Psalm 15 is short and direct. It asks the question:
Who may dwell in the presence of the divine? Who can abide on your holy hill?
- live a blameless life
- speak the truth
- don’t cast discredit on others
- do no evil … and so on
Sets the bar pretty high, you will agree. But it’s a psalm of accession or entrance, inspiring and calling us to higher ways.
The antiphons suggested in our usual sources tend to emphasise the question (who may abide…?). Convenience, perhaps, given the verses that follow? After all, do you really want to sing ‘Don’t lend money for interest’ or ‘take no bribes’ (v.5) over and over, however reverently?
So – as forecast in the previous post, we turn to Psalms for all Seasons where we find a fantastic fresh approach. It seems to say: don’t give me a behavioural healthy shopping list, just sing:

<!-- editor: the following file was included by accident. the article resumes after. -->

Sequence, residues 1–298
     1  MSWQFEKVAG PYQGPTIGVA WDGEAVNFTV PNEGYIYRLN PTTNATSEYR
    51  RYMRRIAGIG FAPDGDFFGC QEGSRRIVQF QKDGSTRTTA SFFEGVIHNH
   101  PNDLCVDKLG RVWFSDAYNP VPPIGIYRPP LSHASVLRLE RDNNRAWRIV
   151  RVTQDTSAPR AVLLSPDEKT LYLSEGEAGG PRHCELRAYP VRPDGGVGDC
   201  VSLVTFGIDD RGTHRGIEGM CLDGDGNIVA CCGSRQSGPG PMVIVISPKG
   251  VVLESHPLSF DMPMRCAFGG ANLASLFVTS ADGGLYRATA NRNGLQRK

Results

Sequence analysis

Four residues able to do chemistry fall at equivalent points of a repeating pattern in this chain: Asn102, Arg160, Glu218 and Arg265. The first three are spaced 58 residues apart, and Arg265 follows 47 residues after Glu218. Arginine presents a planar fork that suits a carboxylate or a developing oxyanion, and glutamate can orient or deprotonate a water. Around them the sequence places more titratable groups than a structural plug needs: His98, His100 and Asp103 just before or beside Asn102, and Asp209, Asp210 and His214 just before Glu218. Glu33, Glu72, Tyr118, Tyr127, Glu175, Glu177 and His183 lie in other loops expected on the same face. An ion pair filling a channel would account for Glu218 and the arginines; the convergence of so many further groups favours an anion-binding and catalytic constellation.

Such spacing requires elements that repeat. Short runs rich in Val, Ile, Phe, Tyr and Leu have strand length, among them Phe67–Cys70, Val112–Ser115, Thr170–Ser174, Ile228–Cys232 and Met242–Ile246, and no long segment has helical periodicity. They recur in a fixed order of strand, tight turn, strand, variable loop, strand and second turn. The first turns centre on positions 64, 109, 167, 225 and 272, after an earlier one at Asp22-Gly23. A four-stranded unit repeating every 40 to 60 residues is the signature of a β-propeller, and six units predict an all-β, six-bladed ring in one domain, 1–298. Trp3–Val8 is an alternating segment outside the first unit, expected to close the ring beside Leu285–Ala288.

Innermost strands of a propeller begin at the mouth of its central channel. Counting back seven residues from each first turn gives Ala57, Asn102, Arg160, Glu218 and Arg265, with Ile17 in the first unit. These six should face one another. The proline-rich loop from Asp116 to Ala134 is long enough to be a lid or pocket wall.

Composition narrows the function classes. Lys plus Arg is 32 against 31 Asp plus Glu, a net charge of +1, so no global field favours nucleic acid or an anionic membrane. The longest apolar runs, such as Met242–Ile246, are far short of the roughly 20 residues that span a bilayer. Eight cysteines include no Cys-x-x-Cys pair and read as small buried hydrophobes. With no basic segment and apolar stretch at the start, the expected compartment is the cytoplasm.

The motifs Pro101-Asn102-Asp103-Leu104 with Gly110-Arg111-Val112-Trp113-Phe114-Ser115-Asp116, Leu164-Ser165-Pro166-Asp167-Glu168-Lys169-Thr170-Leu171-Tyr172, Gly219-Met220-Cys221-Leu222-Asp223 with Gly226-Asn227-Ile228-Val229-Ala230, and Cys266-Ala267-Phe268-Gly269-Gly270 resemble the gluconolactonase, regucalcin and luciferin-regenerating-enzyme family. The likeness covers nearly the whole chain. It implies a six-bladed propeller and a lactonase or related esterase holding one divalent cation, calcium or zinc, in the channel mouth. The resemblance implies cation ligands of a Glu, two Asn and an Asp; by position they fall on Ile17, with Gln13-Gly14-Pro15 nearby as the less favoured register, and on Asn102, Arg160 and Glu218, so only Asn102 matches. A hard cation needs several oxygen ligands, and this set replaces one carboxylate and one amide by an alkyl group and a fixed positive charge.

I’m gonna live so God can use me, anywhere, anytime.
Much more freedom, much more challenge, much more positive and active message. A touch of faith not works. And, to add a real spark, it’s set to an African-American tune. A male voice group leads the psalm song. Be there.
Children and young people are welcome to join in, as the gathering will be giving them a blessing during this communion service to send them with our love into the new academic year.
Subject to the worship leader’s choices, here’s a plan for later in February:
- 9 Feb: some of our women lead Psalm 112, No 69 from Together in Song
- 16 and 23 Feb, successive sections of Psalm 119: a male voice group leads in an Isaac Everett antiphon, music available on Church Publishing (go to Downloads).
Remember that you may find my suggestions in the Psalm Selection Plan in the SWUC Music folder on Dropbox – ask for sharing or access if you do not already have it.